In many cases, neighbors lodged official complaints about the safety or legality of construction but were ignored, according to the report, one of the most detailed investigations into the factors that contributed to the damage in Mexico City.

City officials did not respond to requests for comment Tuesday.

After the quake, then-Mexico City Mayor Miguel Angel Mancera suggested that noncompliance with the new regulations was not a major factor in the damage toll, because most of the buildings that fell were built before 1985, before the new regulations were in place. But the new regulations also applied to any new construction on old buildings — and the tally of destruction included several of those.

One of the owners of the Enrique Rebsamen school, a private academy on the south of the city, had recently built a home for herself on top of the school, according to investigations by local journalists. Engineers said it was the weight of that poorly constructed addition that brought down the building, killing 19 students and seven adults. But just three months before the earthquake, an inspector had deemed the building safe.

The scandal became an issue in this summer’s mayoral campaign because one of the candidates, Claudia Sheinbaum, served as the head of the council district where the school was located.

Sheinbaum, who won in a landslide, told reporters that the school was cited twice for construction without a permit — in 2010 and 2014. Both times, the school paid a fine, applied for a permit after the fact and was allowed to resume construction.

The report also told the story of a large office building in the Condesa neighborhood.

Workers continue the search for victims buried under the rubble of a fallen office building in the Condesa neighborhood of Mexico City on Sept. 24, 2017.
(Gary Coronado / Los Angeles Times)

The seven-story building survived the 1985 earthquake, but apparently suffered damage that was never properly repaired. The researchers uncovered an inspection from 20 years ago that said the building was unsafe and shouldn’t be rented. Yet the owners continued renting the space, even removing some support columns to make room for more office space, according to the report.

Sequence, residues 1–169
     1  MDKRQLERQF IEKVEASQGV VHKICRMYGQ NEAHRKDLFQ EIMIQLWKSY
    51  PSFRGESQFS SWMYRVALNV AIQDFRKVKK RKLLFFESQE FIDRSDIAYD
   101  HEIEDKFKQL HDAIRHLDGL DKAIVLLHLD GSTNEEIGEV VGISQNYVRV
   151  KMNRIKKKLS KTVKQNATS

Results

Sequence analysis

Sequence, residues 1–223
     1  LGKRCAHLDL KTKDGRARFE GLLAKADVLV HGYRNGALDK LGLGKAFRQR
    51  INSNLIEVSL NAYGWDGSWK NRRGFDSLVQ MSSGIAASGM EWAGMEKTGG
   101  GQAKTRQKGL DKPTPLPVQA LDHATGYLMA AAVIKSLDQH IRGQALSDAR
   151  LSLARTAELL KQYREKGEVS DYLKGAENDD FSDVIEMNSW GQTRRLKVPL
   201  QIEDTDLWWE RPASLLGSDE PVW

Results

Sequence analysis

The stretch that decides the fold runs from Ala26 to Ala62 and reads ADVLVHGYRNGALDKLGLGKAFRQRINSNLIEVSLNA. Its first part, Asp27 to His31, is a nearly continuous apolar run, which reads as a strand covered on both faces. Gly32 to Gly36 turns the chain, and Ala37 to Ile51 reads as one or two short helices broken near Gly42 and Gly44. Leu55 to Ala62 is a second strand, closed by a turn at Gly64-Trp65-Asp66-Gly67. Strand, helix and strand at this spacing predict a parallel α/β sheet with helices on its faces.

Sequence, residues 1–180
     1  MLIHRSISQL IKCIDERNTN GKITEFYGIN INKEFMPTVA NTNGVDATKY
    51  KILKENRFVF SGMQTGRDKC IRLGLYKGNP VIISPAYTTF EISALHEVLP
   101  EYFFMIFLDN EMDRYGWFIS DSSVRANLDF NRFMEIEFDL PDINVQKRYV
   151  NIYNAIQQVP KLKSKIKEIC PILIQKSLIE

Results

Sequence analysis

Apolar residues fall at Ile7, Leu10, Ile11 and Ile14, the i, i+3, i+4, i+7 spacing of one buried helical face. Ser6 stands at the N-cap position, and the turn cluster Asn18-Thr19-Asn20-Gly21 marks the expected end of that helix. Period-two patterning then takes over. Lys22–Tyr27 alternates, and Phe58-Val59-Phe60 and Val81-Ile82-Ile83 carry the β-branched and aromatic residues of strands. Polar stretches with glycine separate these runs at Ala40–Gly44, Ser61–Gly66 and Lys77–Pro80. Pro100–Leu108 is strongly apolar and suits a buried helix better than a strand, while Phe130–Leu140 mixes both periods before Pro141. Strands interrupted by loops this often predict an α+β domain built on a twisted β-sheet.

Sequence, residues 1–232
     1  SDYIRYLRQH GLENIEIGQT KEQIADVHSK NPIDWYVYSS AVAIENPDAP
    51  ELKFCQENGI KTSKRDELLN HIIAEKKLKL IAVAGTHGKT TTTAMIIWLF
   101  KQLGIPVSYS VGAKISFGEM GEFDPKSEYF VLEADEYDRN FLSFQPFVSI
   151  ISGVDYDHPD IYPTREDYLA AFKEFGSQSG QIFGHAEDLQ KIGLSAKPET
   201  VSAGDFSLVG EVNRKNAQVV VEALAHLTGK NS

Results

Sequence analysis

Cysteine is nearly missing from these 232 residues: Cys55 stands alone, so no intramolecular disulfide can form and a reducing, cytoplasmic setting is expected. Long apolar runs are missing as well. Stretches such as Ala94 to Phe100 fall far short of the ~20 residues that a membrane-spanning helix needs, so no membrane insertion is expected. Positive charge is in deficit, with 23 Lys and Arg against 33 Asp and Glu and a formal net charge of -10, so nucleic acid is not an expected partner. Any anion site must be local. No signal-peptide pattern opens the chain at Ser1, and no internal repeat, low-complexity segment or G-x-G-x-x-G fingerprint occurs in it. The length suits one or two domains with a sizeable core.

The building was packed with workers when the earthquake struck. Forty-eight people died, including Noemi Manuel Garcia, a recent college graduate who had just shown up for her first day of work.

Her family camped out for days outside the building as sirens wailed throughout the city and rescuers combed the rubble for survivors.

Her uncle, Juan Pedro Filomeno Manuel, appeared at a news conference where Tuesday’s report was presented and implored authorities to do more to prevent similar tragedies.

“There are acts of God, acts of nature that we can’t do anything about,” he said. “But in this case we know this building was in a very bad state.”

Columnist Hector de Mauleon, who also spoke at the news conference, said he was disappointed that the government doesn’t appear to be adapting in the face of the earthquake. Many damaged buildings are in the process of reconstruction, but the city still relies on privately contracted engineers to sign off on building inspections.

“This is going to keep happening,” he said. “Nothing has changed.”

He criticized officials for prioritizing economic development over safety, noting that much of the city’s recent explosion in building has occurred in areas, such as the Condesa neighborhood, that are widely known to sit on tectonic rifts.

Authorities, he said, “allowed a shameless real estate boom in areas where there were known fault lines.”

Twitter: @katelinthicum

Cecilia Sanchez in The Times’ Mexico City bureau contributed to this report.